- Trading Momentum. At any random point in time, a market is much more likely to continue what it is doing than to stop and do something completely different. The DOM is the best tool for reading momentum as you can see the actual trading activity as it ebbs and flows. You can also see when momentum is fading. Knowing the cause of the momentum is going to help you decide how to play this. For example, in September 2019, 2 Saudi oil refineries were bombed by drones. The result was momentum to the upside in Crude. If you thought the momentum was just a regular speculation driven trend and didn't know about the news, you would have struggled. Partly because the news caused extreme volatility which means you'd have been better of scaling into a trade also, once in, you'd have known to hold the trade longer. Momentum is often just a short term trend continuing but sometimes it's major re-positioning. Momentum is going with the flow - which is so much easier that the "perma-faders" that are watching markets go up, waiting for a time to sell. Then watching the markets go down, waiting for a time to buy. They fail because they continually trade against momentum.
- Trading breaks of ranges on the Volume Profile. With the volume profile, you can see a range develop much, much earlier than you can on a chart. So you get to trade the extremes of the range on the 2nd and 3rd hits. It takes so long for the range to appear on the chart - you'll be trading the 5th and 7th hits - when it's more likely to break.
- Trading headfakes. A headfake is a false break from a range. What happens is the range breaks - lets use the upside for the example. When it breaks, the shorts buy to close their position. Breakout traders buy to get into position, price moves up but then after a fairly short move (5-6 ticks on the S&P500 is normal), all of the buying is absorbed by an iceberg order on the sell side. That order is placed by the same trader that pushed the market out of the range in the first place. This is easy to see on the DOM but it tends to happen at quieter times because you can't nudge a very busy market out of position.
- Trading Pullbacks. If a market has overall momentum (let's use trends upwards), and the pullback has little participation, it runs out of countertrend traders or a bidder steps up and absorbs the selling, there is a good chance the pullback is over. You can get in at that point or wait for other buyers to come in with size and then go with the trend again.
- Market Making. This is a very different technique looking for higher frequency trades (20-30 an hour is not unusual) and trading the "right now". You could be in a long trade one minute and a short trade the next. The targets are very small but the frequency and win rates are different. You are not looking for big moves. Sometimes you will get filled on a bid, then flip out on the offer, make 1 tick and the market didn't even move. It is NOT compatible with any of the trades above.
With order flow, you can get in with a little confirmation or a lot. You pay for additional confirmation with a slightly worse entry price - which is absolutely fine. There are many, many DOM based setups but it's all about trading them in context. If your market has been in a 15 point range all week with successive inside days, you don't want to be taking directional trades in the middle of that. It's clear the market is undecided.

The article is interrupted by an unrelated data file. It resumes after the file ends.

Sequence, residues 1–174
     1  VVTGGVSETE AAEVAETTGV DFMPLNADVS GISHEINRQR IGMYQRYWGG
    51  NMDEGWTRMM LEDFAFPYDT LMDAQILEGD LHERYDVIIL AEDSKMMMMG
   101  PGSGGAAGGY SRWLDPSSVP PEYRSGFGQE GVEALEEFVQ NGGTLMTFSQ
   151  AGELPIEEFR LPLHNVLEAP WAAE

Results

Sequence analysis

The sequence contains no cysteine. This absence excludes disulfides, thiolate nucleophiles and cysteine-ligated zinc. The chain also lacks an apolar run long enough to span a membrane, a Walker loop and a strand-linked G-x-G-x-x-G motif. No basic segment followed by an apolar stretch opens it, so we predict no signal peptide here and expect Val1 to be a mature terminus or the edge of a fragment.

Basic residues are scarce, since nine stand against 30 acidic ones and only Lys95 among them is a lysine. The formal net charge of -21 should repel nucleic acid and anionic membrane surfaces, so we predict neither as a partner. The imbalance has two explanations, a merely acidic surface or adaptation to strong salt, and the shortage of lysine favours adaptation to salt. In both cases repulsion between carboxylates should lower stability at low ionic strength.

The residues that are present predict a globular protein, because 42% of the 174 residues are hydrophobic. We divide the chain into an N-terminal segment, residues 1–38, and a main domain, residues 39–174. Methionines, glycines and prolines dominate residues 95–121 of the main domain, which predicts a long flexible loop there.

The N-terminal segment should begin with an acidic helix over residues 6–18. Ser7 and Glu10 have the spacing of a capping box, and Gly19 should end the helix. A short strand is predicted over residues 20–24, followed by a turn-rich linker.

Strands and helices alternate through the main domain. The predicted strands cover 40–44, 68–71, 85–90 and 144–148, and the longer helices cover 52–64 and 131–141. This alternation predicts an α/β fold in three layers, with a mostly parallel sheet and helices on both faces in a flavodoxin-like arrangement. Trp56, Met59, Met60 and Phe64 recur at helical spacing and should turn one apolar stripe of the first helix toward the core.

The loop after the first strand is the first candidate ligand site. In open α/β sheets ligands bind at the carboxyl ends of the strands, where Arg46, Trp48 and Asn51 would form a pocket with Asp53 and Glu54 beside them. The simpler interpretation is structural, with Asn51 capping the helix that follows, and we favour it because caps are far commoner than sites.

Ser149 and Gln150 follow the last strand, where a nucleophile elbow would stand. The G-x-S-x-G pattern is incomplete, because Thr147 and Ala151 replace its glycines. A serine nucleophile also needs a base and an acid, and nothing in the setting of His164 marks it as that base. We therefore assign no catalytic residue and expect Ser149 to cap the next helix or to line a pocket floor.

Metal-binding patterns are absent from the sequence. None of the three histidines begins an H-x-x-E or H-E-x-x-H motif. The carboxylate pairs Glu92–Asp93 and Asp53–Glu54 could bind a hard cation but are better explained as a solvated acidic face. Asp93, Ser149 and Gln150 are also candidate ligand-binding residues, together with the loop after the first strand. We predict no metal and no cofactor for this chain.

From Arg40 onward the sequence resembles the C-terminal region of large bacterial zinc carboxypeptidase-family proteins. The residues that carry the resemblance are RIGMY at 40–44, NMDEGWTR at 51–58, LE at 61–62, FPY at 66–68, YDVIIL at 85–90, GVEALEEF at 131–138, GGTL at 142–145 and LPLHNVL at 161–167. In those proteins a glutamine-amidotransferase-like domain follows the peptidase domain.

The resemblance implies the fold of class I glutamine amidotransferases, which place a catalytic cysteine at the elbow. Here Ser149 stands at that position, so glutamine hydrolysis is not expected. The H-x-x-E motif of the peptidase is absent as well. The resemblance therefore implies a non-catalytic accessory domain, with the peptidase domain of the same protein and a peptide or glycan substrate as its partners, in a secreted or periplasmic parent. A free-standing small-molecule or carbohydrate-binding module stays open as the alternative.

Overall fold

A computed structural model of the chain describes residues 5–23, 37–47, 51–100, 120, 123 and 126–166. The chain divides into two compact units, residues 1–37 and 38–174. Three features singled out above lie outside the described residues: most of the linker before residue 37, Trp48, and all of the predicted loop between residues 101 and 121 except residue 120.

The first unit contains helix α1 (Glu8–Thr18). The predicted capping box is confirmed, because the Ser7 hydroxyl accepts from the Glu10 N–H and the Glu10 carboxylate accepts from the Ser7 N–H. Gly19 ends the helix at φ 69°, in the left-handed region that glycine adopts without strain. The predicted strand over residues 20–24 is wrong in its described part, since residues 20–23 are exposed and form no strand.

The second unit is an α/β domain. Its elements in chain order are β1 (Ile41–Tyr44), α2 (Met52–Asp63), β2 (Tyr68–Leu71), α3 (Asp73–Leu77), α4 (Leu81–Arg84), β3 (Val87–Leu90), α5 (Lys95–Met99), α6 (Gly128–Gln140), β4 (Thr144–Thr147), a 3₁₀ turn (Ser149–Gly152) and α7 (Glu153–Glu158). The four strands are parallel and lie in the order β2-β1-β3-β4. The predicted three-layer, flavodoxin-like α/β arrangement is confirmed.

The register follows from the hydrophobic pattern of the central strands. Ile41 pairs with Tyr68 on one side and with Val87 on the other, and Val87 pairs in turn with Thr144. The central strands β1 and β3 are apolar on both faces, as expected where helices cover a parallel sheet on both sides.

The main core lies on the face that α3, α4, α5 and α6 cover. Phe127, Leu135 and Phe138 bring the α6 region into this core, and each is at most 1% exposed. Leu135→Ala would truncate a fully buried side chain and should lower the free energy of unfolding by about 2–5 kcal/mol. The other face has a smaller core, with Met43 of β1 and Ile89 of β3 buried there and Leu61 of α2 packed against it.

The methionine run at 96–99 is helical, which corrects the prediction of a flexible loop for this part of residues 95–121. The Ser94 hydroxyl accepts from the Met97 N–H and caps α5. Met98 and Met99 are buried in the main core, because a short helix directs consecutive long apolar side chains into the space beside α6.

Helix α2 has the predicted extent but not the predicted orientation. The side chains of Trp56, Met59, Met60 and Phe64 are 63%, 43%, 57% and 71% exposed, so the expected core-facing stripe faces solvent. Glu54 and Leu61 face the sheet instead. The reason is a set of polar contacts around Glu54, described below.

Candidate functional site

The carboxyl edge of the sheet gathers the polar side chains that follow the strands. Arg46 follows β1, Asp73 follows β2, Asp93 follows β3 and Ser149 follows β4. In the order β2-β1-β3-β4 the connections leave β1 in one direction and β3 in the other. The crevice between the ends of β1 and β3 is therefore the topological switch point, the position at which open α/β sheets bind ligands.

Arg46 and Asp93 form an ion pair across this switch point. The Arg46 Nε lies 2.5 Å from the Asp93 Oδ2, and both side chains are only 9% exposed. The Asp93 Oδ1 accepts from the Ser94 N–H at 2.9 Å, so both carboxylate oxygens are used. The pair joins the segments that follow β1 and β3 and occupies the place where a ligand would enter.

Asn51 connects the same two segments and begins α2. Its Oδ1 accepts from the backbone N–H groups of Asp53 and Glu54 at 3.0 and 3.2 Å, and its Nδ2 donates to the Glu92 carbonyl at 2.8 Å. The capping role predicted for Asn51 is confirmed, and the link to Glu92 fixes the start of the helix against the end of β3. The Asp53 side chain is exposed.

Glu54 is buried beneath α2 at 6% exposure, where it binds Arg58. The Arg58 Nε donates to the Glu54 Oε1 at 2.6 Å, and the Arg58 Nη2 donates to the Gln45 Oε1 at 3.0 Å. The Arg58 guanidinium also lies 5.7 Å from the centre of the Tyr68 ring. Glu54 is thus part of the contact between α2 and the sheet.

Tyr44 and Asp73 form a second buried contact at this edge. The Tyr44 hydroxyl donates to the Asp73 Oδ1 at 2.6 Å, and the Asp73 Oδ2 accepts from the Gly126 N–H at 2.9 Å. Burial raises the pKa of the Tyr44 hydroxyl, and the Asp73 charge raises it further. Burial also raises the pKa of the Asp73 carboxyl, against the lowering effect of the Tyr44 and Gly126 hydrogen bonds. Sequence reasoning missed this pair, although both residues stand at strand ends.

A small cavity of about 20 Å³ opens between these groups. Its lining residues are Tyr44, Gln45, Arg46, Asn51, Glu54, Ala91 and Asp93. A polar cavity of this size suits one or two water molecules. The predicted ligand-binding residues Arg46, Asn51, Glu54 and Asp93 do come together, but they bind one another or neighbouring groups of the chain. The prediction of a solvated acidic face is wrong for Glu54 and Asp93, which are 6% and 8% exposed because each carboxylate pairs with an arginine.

News is important too - I have a lot of traders say to me "I don't want to trade the news" and I always ask them "So, how will you stop news happening when you trade?". And the answer is obvious - you can't. If momentum suddenly hits the market - and you know it's news driven, you play the move in a different way.
With most trading (not including Market Making), traders are looking for an event that will cause a reaction. They do not care about the win rates. If the event occurs (like traders getting stopped out when a range breaks), you get a fast, directional move which often will continue. If the event doesn't occur, it's a lazy drop back into the range. With these types of setups - you could have a 20% win rate and break even. It's all about cause and effect. And you get to see the cause and the effect play out on the DOM. When the move starts to fade because traders aren't hitting the market as aggressively, then that's the sign to get out.
One other thing professional traders will do is to scale into a position. A win rate of 50% is common amongst elite traders but the amount of ticks in their winners and the amount of contracts in their winners are both higher than their losers.
So the rules are:
- Always understand what's driving the market or if nothing is.
- Look for good risk:reward scenarios.
- Get out when momentum dies.
- When the opportunity is there - scale up the position size.
- Don't worry about being right all the time. Understanding cause and effect will put you in situations where your losers are way smaller than your winners.
And for those of you that love Fibonacci - I do not mean to offend. There are of hundreds of techniques being taught out there that come without explanation or rationale as to why it would have an effect. I had to choose one.